# Metropolis-Hastings Part II

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## Outline

• The following topics will be covered in this lecture:
• Metropolis-Hastings and acceptance rejection
• The Metropolis-Hastings chain
• The Metropolis-Hastings candidate generating density
• The Metropolis-Hastings algorithm
• Metropolis-Hastings as data assimilation

## Motivation

• In the first part, we discussed the development of each of:

1. the acceptance rejection method for sampling; and
2. the Markov chain Monte Carlo (MCMC) method for sampling an invariant distribution.
• In this section, we will now discuss how these pieces are put together into the Metropolis-Hastings algorithm.

• Likewise, we will discuss how this can be used as a data assimilation technique to sample the posterior.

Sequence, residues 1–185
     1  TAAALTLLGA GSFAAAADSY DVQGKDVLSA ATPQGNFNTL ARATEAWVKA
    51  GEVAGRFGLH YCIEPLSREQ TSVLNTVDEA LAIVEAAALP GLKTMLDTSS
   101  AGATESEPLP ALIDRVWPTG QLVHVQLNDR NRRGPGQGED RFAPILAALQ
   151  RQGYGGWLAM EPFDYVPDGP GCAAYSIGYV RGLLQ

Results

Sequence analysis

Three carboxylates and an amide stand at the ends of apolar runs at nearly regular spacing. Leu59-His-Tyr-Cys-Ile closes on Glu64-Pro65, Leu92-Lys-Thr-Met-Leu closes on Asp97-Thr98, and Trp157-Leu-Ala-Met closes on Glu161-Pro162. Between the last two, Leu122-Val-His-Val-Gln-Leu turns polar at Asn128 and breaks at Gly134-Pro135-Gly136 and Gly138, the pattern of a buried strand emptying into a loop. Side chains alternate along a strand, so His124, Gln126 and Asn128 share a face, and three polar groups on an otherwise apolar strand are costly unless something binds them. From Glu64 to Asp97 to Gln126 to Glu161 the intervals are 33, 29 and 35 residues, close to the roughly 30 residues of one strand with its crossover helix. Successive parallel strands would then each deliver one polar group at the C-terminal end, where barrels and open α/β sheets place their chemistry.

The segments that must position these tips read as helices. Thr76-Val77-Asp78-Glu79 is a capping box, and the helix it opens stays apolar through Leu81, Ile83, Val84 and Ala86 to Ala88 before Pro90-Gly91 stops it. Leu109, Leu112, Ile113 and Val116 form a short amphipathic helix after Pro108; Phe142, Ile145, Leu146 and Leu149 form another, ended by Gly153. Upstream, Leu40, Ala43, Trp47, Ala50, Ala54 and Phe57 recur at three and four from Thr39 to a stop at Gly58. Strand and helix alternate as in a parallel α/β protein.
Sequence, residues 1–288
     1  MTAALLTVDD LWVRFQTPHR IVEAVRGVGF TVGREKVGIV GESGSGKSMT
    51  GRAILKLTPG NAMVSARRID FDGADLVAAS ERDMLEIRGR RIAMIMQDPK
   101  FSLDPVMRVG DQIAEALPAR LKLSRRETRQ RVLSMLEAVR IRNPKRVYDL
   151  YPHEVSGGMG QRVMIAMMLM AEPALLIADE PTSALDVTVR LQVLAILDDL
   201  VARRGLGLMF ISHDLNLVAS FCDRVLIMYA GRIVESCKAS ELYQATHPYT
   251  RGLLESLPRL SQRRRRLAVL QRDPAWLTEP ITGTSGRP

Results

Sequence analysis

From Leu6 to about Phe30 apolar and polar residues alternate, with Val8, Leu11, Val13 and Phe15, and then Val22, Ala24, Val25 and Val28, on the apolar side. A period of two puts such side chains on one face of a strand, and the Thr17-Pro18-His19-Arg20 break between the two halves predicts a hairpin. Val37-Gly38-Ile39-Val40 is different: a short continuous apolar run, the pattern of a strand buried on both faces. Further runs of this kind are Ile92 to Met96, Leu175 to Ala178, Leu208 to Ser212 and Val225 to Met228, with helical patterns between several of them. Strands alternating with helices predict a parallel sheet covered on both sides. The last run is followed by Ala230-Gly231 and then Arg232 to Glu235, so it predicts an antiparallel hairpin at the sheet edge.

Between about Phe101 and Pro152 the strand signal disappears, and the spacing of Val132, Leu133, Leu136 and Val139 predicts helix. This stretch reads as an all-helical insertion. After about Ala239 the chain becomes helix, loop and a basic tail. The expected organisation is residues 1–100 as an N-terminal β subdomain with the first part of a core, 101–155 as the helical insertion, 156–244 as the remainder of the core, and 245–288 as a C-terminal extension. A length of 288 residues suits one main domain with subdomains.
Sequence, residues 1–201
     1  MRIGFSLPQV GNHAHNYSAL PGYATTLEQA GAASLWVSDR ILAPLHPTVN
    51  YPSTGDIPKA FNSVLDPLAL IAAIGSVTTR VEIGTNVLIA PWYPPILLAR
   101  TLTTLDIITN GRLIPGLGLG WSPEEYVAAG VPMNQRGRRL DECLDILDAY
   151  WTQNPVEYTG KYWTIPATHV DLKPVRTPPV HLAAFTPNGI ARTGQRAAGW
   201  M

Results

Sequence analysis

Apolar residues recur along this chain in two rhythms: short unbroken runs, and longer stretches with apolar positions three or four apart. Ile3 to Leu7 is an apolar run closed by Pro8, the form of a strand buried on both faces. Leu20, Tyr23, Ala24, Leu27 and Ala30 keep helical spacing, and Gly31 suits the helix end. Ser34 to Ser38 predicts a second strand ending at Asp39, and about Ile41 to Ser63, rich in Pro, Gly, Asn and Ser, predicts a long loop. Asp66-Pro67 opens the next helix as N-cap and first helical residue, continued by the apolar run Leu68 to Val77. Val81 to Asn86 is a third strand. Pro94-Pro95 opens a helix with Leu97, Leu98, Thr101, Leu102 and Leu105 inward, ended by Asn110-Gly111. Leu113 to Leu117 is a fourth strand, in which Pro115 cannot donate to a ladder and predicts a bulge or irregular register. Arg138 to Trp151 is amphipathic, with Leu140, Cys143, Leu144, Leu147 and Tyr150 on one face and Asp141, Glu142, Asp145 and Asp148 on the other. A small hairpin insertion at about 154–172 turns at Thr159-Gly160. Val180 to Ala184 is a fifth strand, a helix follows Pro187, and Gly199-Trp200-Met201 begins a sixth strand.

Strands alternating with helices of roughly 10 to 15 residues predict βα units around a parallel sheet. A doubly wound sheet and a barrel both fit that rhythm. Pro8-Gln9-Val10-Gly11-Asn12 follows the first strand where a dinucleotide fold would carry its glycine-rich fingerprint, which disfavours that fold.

• Particularly, the invariant distribution we would like to sample with this scheme is precisely

\begin{align} \pmb{\pi}(\pmb{x}_{L:0}) = p(\pmb{x}_{L:0}|\pmb{y}_{L:1}) \end{align} for an arbitrary time series of model and observation states.

• Once we have given a form of the general Metropolis-Hastings algorithm, the application to this specific case will be illustrated.

## Metropolis-Hastings and acceptance rejection

• As in the acceptance-rejection method, suppose we have a density that can generate candidates.

• Since we are dealing with Markov chains, however, we permit that density to depend on the current state of the process.

• Accordingly, the candidate-generating density is denoted $$q(\pmb{x}, \pmb{y})$$, where

\begin{align} \int q(\pmb{x},\pmb{y}) \mathrm{d} \pmb{y} = 1. \end{align}